Applying Electronic Data Interchange
Phillipus, Michael D., Risk Management
Even though personal computers are commonplace and the millennium is fast approaching, risk managers continue to find that their service providers generally conduct business in a paper intensive environment, bypassing the tremendous opportunities provided by electronic commerce. As the manual processes that organizations use in their cash management, finance, treasury and sales functions are being replaced by more efficient electronic tools, risk managers have to be aware of this shift and its implications--not only to address the accompanying risks, but also to help their organizations reap the largely untapped benefits.
For example, risk managers can partner with their information management and other functional groups to automate transactions with brokers, insurers, reinsurers, third party administrators, captives and other service providers. Payment types can include premiums, audits, claims and fees.
And while electronic commerce includes familiar components such as e-mail, electronic forms and technical data and documents, it also encompasses the fast-growing technology known as electronic data interchange (EDI)--the exchange of business information between parties via computer-to-computer transmissions.
EDI has been adopted by more than 120,000 companies worldwide and its use is growing every day. In many industries, business opportunities will be lost if a company is not "EDI-ready." Many vendors require partners to use electronic payments, purchase orders and invoices. This technology often ties in with point-of-sale or inventory systems. In fact, it is likely that many risk managers will find their organizations using EDI and that risk management-related functions can be added to this infrastructure rather easily.
The elimination of errors that can occur in manual data entry, and the time saved by not having to reenter data, can bring significant advantages to many organizations. EDI also provides consistent formats that make it easier to spot errors or missing information. Less tangibly, business relationships can be improved by the cooperation required to implement EDI, the enhanced trust that results from shared information, the elimination of nuisance factors (such as having to convert data between incompatible systems) and the ability to exchange payments more rapidly.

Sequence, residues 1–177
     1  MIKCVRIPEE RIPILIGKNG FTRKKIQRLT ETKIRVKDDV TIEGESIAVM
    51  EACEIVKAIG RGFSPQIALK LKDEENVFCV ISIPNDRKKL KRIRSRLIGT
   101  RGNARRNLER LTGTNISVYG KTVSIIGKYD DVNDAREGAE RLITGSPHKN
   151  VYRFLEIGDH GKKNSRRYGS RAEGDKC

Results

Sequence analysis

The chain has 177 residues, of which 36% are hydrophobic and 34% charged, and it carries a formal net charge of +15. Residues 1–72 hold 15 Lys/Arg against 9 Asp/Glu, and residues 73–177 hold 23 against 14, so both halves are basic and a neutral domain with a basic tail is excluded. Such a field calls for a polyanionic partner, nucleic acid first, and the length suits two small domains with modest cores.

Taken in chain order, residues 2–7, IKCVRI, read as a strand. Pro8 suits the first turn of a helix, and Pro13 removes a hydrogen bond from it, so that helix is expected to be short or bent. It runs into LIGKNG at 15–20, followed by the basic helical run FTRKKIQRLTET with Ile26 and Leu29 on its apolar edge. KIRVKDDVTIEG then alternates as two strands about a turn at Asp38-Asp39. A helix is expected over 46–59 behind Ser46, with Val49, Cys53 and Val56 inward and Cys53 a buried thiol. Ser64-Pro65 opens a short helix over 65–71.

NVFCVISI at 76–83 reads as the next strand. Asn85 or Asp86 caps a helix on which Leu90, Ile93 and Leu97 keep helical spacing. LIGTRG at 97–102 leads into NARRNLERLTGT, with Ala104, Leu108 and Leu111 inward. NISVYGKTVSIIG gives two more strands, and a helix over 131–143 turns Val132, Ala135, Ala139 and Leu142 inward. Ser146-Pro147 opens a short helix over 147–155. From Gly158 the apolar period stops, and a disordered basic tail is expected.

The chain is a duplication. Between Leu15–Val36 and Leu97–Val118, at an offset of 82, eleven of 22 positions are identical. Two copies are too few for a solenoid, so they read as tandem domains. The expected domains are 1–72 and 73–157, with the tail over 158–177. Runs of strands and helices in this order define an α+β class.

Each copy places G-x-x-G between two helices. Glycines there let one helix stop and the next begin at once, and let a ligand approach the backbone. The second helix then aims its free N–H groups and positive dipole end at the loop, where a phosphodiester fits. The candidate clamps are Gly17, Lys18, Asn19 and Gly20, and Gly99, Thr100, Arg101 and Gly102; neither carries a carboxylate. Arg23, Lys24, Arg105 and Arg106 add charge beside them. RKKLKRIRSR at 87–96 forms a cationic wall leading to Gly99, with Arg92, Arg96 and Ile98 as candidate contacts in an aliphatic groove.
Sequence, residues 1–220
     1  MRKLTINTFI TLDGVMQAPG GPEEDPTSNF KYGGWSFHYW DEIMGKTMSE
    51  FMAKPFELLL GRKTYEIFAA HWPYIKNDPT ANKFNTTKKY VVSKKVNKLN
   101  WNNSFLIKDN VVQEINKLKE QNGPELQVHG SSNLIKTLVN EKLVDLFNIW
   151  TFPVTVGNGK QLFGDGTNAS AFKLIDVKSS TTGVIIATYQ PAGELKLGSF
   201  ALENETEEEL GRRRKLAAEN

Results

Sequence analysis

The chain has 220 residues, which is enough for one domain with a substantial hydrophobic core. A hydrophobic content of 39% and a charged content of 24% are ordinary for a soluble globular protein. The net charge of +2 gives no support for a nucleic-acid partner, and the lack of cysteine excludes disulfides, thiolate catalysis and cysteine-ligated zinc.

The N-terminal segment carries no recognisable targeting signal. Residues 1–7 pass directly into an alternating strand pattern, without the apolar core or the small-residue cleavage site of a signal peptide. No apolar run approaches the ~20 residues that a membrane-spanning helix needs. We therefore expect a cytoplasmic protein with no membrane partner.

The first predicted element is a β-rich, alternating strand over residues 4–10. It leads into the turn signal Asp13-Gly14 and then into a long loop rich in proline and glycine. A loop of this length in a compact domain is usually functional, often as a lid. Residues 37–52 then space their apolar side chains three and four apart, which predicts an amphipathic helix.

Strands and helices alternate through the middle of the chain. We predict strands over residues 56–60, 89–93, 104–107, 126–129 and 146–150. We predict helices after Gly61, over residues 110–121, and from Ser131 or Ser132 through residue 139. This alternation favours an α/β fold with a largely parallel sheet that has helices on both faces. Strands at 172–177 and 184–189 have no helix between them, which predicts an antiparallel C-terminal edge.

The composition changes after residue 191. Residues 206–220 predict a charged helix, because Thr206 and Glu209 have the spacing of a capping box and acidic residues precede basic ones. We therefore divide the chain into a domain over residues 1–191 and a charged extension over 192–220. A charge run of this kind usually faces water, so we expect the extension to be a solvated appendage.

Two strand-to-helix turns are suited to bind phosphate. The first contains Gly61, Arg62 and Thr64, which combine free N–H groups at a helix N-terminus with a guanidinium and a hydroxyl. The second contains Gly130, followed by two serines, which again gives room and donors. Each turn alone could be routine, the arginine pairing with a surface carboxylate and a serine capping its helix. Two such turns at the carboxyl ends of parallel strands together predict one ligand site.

Managers concerned that conducting business electronically may present undesirable security concerns may be surprised to learn that safeguards built into EDI transactions can make this approach more secure than paper-based communications. Before partners begin trading electronically, guidelines are established to confirm that an electronic invoice is from an established trading partner, and that the amount and type of the payment, along with the payment instructions, are accurate.
Most risk managers already receive some types of information, such as claims data, paid losses and loss reports, from outside providers via computer transmissions. However, most of these transactions are based on proprietary software, and data are frequently not interchangeable between organizations. EDI provides a basis for transmitting business transactions in standardized formats across various computer platforms.
Because EDI provides more timely information for making decisions, more transactions can be completed without an increase in staff. Through better use of EDI technology, risk managers can reallocate time from administrative duties to professional activities.
Some of the savings associated with EDI are small, while others, depending on the number of transactions, can be significant. For instance, one of the most common business transactions is the payment of bills--generally by check or wire transfer. An electronic funds transfer (EFT) utilizing an automated clearinghouse (ACH) payment can be much less expensive than traditional methods. Across industries, the costs associated with the issuance of a check can vary from $1. …